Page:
On November 15, 2017 Council adopted a new Election Sign By-law.
Here's a snapshot of what changed:
- Clearly defines election sign restrictions on all properties.
- Restricts the placement of election signs to no earlier than Nomination Day in the year of a regular election, excluding campaign office signs.
- Removes the sight triangle definition and simplifies restrictions on election sign placement by measuring from the edge of the roadway.
- Election signs will not be permitted within 3 metres of a roadway, regardless of proximity to intersections.
- When election signs are placed between 3 and 8 metres from the roadway, sign height is restricted to 1.8 metres. Signs placed beyond 8 metres from the roadway are permitted up to 4 metres in height.
- Requires election signs of the same candidate to be at least 10 metres apart.
- Restricts election signs from being placed outside the ward (s) where a candidate is running for office, excepting election signs placed within 50 meters of an adjacent ward.
- Election signs are to be removed no later than ninety-six (96) hours following the day of the election.
- Election signs are prohibited from using the City’s logo or the City’s municipal election logo.
- Enforcement of the Election Sign By-law will be assigned to the City Clerk, City Clerk designate, and Municipal Law Enforcement Officers.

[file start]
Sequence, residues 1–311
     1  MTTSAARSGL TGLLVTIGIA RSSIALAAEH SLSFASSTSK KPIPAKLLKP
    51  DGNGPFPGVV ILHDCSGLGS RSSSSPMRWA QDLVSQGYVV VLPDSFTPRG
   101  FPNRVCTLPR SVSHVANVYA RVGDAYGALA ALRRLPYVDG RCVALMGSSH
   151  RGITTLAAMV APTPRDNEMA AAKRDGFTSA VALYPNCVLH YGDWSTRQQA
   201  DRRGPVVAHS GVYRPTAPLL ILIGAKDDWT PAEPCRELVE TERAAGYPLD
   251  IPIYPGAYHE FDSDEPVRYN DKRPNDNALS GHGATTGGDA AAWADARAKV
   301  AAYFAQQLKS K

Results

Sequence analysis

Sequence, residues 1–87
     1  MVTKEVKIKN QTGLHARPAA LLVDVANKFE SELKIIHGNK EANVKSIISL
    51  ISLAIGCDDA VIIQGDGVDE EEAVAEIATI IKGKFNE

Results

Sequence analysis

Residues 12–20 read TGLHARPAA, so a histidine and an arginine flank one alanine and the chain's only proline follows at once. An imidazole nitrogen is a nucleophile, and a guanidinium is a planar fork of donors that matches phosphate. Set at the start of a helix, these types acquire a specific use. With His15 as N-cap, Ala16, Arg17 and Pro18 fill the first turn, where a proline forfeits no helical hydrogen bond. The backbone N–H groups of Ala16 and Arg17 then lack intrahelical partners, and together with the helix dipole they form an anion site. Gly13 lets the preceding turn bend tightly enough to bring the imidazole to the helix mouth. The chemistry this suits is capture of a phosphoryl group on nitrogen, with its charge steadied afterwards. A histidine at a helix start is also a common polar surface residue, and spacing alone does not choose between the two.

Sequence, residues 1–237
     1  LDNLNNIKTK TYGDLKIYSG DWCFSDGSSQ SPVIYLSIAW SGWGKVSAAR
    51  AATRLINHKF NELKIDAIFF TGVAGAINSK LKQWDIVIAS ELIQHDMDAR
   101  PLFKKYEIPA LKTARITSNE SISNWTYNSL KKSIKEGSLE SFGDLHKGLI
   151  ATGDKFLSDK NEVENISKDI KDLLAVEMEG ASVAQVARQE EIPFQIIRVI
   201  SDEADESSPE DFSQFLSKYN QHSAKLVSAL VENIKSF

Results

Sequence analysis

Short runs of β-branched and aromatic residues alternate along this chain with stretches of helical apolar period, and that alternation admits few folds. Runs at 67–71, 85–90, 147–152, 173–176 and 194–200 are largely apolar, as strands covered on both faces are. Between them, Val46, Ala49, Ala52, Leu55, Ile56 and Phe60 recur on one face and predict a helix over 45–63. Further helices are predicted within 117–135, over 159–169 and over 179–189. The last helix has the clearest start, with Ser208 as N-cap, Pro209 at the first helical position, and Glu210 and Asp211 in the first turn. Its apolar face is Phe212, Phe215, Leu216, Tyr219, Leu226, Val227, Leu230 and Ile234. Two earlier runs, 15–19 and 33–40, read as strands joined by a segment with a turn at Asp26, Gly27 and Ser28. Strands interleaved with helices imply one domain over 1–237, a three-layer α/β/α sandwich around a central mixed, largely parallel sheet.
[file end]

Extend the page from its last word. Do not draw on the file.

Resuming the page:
Under the new by-law, Council delegated authority to the City Clerk to provide for regulations as to:
- how Election Signs would be retrieved and destroyed,
- how notice would be given to candidates if their signs were removed, and
- how candidates can claim their signs once they have been removed.
The City Clerk's draft of the Election Sign By-law regulation is now open for public comment.
How to Comment on the Proposed Regulation
Should you have any concerns or wish to make comment on the regulations, please do so by e-mailing email@example.com.
Background: Why the Election Sign By-law Changed
The City of London’s Strategic Plan contains an area of focus called "Leading in Public Service" (open, accountable, and responsive government), which requested Civic Administration “explore opportunities for electoral reform” by reviewing Election Signage.
The provisions set out in the new by-law are based on feedback from candidates, as well as complaints received by both the Elections Office and the Public Service call centre. The most common complaints related to the length of time election signs are posted, proximity to intersections, and sight line concerns.